A blog about general entertainment, fashion, and movies. And some random stuff too.

Sunday, March 25, 2012

Movie Review: The Hunger Games

I almost don't know what to say within this review because I'm afraid it will just be redundant praise, things many other reviews have already addressed. The quality of this movie was awesome, not just from a book adaptation stand point (which is what I usually pay most attention to), but as a film: the camera work, the use of the score, the score itself, the acting, etc. It is a great movie, even if you haven't read and loved the books. Therefore, what I think I'll do is explore all the things that originally I was skeptical about and how the movie sold me on those things. Basically, the next few paragraphs will be me admitting how wrong I was to doubt that this movie would be good. Enjoy!

What made me skeptical of this film in the last year were the following:
  • Marketing ("Twilight-afying" it)
  • Brutality
  • Casting
Let's break it all down. 


One huge red flag I had about this movie was how they seemed to be marketing it. Nothing is more laughable than the Twilight series, in my opinion (I literally burst out laughing when Breaking Dawn 2 trailer came on before The Hunger Games; it was real bad). The books are awful, the movies are just as bad, and it could not be anything farther from what The Hunger Games is. So why in God's name would they want to market it like Twilight?

It beats me, but it certainly was the main reason I was not looking forward to seeing it for a long time. I couldn't bear the thought of them dumbing down something as profound as The Hunger Games and funneling it into something as shallow and cheap as "Team Peeta" & "Team Gale." Yet, it had already begun. The headlines read "Hunger Games: The Next Twilight!" or "Look out Vampires: There's a New Teen Sensation!" Vanity Fair even did the EXACT same photoshoot for The Hunger Games cast as they did for the Twilight cast. See exhibit A and B:

"We are all bffs!"
Hunger Games:
"So are we, but not as snugly!"

"Look how there are 3 of us!"

 Hunger Games:
"Yeah 1, 2, 3! Only we get trees."
Seriously? I was horrified by this, not because the photos were bad (they're all adorable, to be honest) but because of the associations people would make. How many people would be turned off by the comparison of Twilight to The Hunger Games? And how many people would reduce it to something it's not because of that comparison? AND how completely unfair to make this comparison since The Hunger Games is actually a fantastic deep commentary while Twilight is basically shallow teen smut! Collins doesn't deserve to be cut down like that and Meyer doesn't deserve to be complimented like that. IT'S ALL WRONG. And yet... they kept pitching it for the "Twilight" audience. The only good thing they took from Twilight is how they released and compiled the soundtracks.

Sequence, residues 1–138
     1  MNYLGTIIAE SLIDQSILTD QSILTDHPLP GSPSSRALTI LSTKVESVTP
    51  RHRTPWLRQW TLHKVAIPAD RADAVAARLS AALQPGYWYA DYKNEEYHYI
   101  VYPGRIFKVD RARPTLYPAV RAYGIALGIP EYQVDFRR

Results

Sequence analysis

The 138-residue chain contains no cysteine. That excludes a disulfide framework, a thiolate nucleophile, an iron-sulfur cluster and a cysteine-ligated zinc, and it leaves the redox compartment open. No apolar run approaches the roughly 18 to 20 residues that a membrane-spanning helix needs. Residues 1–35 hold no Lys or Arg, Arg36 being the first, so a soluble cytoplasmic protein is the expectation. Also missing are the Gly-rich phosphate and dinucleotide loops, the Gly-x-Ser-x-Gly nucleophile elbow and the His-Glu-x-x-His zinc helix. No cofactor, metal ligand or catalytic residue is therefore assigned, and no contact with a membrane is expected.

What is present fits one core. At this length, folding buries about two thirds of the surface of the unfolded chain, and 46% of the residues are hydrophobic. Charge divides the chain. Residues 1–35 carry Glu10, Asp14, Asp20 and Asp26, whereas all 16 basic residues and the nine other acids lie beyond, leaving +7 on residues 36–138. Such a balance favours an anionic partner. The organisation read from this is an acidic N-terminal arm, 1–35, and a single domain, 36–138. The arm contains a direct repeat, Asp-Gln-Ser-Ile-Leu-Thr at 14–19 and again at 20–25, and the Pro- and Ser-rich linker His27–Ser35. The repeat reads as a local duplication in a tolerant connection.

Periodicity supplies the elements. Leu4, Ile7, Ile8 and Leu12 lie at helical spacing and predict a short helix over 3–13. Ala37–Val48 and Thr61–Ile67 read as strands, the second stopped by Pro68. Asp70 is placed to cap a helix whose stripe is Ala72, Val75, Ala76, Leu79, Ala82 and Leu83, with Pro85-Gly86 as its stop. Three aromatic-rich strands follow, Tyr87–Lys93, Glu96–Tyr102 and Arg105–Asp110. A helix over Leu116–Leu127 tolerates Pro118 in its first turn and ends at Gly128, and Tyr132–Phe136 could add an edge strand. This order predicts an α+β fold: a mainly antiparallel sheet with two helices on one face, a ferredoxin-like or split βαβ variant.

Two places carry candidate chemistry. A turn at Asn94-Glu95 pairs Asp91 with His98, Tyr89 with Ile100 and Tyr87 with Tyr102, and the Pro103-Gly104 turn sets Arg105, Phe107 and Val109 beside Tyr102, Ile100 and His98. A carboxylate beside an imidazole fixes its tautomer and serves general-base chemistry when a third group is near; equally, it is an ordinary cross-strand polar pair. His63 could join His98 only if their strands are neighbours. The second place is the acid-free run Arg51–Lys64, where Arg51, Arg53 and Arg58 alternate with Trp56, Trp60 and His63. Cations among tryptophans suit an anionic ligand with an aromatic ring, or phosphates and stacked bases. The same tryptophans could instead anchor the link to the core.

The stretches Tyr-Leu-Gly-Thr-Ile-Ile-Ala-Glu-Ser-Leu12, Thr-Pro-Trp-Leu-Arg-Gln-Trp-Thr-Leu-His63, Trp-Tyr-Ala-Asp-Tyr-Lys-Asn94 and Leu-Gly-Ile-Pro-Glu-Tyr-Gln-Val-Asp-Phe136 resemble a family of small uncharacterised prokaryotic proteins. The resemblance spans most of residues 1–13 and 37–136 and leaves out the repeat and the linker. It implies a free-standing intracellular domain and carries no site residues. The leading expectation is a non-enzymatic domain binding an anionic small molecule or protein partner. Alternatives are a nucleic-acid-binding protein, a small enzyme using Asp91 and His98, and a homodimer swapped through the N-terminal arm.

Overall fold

Because of all of this, I didn't even buy a midnight showing ticket. That's right, I, the queen of midnight premieres, did not go to a midnight showing of a book adaptation that I really love because I was too afraid it would be such a horrible disappointment based on this marketing. Not that the franchise was hurt by missing out on my one ticket, but I just couldn't bear the thought of going and being massively let down. So when the great reviews that gave me hope started to pour in nearing the home stretch right before the movie opened, it was already too late to get tickets.

Plus, what is really funny about this is the movie was so far from being like Twilight. I'm still baffled as to why they felt the need to go that route for so long, but I am SO GLAD that the film itself wasn't "Twilight-afied," which was seriously my worst fear.


Anyone who loves the book series will tell you that one of the most important things about the story is the violence because it portrays how backwards and corrupt the society had become. For the longest time my friends and I would sit and wonder about ways they could make this movie correctly without an "R" rating for violence. It's children killing children, after all, an idea that is not something many movies tend to touch on, and especially won't market for kids. However, this is a YA Fiction series, so it had to be able to fly under the PG-13 line. But how?!

Or was the question actually would they even try to show the violence or would it be overshadowed by the miniscule love triangle that isn't even important to the main theme of the story...? Since they were pitching this as a movie tweens could go to and swoon, I had my doubts that they would portray the story as gritty and horrifying as it needed to be.

Thankfully, the film-makers were able to handle the violence with a perfect balance. It was brutal and upsetting, but not so overwhelming that it was off-putting (which sounds weird... children killing children is, of course, off-putting, but you know what I mean). I felt like most kids could see this without being traumatized, but could also appreciate and understand how sickening the world Collins created had become and the message that lies within that.


When the hype started to surround this movie, I tried to keep my distance. However, it is nearly impossible to not have SOME expectations of a series you love so much, so when the casting was announced I had mixed feelings (none of which were about Jennifer Lawrence because I knew she was top-notch-talented, AND loved the book series).